A colonoscopy is a test used to look at the lining of the bowel (colon or large intestine) using a colonscope – a long, soft flexible tube containing a tiny video camera and a light.
Why is the test done?
Reasons for having a colonoscopy include:
- To look for early signs of cancer in the colon and rectum.
- To look for causes of tummy pain, bleeding from the bottom (rectum), low iron (anaemia) or weight loss.
- To investigate unexplained changes in bowel habits.
Preparing for a colonoscopy
To be able to see the inside of the bowel clearly with the colonoscope, the bowel needs to be completely empty. In the days leading up to your colonsocopy, you will be on a special diet and will be given some laxatives (medicine to make you go to the toilet) to take to help clean out your bowel.
Make sure you know what is needed and follow the instructions carefully as the bowel needs to be completely clean for the procedure. Read the brochure or letter you have been given and ask questions if you are not sure what to do.
Some medications can interfere with the preparation for a colonoscopy. When preparing for a colonoscopy, tell you doctor or nurse what medications you are taking.
What happens during a colonoscopy?
During a colonoscopy, a specially trained doctor uses a colonoscope to examine the lining of your bowel. A colonoscope is a long, thin flexible tube with a tiny camera and a light on the end.
Before the procedure, your doctor will discuss what is going to happen with you and you will have a chance to ask questions. You will need to change into a hospital gown.
When you are ready, you will be asked to lie on your side or back while the doctor gently inserts the colonoscope into your back passage and slowly moves it along the inside of your bowel.
The video camera on the colonoscope streams video images to a TV screen, allowing the doctor to see the lining of your bowel. Your doctor will examine the lining again as they slowly withdraw the colonoscope.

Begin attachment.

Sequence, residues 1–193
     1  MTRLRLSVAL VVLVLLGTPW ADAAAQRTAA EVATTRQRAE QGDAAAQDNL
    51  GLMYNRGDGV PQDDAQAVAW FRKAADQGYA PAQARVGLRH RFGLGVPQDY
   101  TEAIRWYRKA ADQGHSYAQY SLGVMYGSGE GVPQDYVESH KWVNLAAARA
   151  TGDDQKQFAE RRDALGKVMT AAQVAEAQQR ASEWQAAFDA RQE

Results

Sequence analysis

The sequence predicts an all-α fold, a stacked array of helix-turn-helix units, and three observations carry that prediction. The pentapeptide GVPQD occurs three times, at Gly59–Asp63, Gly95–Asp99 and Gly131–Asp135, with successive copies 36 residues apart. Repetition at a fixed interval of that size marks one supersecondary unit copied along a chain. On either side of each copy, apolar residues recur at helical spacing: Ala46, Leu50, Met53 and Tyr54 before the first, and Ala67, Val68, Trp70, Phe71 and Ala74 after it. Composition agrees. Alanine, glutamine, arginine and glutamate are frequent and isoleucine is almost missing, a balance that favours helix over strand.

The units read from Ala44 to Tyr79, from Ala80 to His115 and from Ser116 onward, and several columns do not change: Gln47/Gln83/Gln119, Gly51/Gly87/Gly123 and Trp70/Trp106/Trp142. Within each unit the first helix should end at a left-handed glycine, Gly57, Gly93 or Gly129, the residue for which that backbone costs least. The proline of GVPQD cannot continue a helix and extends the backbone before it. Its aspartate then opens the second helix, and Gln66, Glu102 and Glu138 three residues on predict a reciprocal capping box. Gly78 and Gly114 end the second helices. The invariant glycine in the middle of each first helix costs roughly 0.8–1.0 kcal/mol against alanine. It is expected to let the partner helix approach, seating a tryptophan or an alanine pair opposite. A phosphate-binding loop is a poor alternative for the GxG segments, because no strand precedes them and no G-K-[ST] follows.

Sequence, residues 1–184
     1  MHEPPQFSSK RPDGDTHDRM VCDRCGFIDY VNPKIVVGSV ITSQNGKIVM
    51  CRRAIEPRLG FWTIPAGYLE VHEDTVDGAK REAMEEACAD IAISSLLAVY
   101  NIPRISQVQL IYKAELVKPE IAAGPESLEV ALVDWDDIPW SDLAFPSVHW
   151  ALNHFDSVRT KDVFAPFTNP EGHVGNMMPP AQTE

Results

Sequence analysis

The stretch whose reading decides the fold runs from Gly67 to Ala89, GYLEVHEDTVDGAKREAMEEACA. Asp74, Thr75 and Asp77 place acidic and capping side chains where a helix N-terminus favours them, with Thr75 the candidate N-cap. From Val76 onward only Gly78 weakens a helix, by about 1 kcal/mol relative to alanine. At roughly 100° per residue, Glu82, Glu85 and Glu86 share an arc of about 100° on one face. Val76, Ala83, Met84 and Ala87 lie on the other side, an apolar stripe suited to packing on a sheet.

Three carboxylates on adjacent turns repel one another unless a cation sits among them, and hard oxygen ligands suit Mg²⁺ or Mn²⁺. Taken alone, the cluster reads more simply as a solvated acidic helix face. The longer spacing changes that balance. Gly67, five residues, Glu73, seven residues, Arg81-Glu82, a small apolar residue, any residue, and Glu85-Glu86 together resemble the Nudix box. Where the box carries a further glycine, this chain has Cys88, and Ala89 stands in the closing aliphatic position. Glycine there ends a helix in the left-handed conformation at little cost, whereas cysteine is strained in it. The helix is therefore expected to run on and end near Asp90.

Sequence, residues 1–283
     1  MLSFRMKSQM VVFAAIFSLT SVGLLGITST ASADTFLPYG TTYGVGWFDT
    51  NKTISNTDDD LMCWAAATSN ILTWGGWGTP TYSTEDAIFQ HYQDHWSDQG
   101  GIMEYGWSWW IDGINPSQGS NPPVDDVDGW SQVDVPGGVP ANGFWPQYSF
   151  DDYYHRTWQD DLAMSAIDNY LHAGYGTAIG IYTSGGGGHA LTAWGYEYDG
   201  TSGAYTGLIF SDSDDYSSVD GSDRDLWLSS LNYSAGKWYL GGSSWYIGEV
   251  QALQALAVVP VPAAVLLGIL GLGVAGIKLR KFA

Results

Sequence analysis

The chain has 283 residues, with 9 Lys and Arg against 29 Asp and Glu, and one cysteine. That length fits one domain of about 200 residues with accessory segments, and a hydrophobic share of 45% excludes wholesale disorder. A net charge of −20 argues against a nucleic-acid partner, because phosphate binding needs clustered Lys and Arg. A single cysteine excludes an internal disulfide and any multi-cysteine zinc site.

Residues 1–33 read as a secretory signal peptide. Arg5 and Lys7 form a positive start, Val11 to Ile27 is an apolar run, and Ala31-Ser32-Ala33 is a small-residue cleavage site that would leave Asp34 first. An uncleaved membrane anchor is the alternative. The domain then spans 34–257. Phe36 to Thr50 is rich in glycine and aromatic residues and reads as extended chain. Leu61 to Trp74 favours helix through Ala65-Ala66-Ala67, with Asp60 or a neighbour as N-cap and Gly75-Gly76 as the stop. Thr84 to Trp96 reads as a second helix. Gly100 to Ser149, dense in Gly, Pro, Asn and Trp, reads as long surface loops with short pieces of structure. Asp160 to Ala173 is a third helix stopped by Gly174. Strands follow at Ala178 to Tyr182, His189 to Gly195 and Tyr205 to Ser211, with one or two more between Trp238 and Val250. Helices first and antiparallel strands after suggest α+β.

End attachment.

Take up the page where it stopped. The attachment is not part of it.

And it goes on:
In some cases, the doctor cannot pass the colonoscope through the entire colon. Your doctor will let you know whether you need any other tests.
What else might happen during a colonoscopy?
During the colonoscopy, the doctor may also take a biopsy (small sample of the bowel lining) or remove any polyps (abnormal growths in the bowel lining that are usually noncancerous) they see. Removal of polyps reduces the risk of cancer developing.
Does a colonoscopy hurt?
Usually a colonoscopy is a pain-free procedure, but you might feel pressure, bloating or cramping during the procedure. Your doctor may give you a sedative or painkiller to help you relax and reduce any discomfort.
How long does a colonoscopy take?
The procedure itself usually takes less than 45 minutes, although you should plan on 2 to 3 hours for waiting, preparation and recovery. You will need to stay in hospital until most of the effects of the sedatives have worn off.
What happens after a colonoscopy?
If you have been given sedatives during the procedure, someone must drive you home and stay with you. Even if you feel alert after the procedure, your judgment and reflexes could be impaired for the rest of the day.
You might feel some cramping or bloating (gas) because of the air introduced into the colon during the examination. This should ease when you pass gas.
You should be able to eat after the examination, but your doctor might advise you to eat a special diet and not do vigorous exercise, especially if you have had polyps removed.
Are there any risks?
Colonoscopy is normally a safe procedure and complications are unusual. The risk of a significant complication is about 1 in a 1000 procedures.
As with most procedures, there are a few risks to be aware of. These are rare but include:
- Bleeding if a tissue sample is taken for testing. This usually stops on its own or can be controlled through the colonoscope.
- Allergic reaction to the sedative.
- Tearing of the bowel wall or a perforation.
The following links provide further information on colonoscopy.
Tests and investigations Bowel Cancer NZ
About colonoscopy Timetoscreen NZ
Gylcoprep C detailed medicines information sheet Medsafe NZ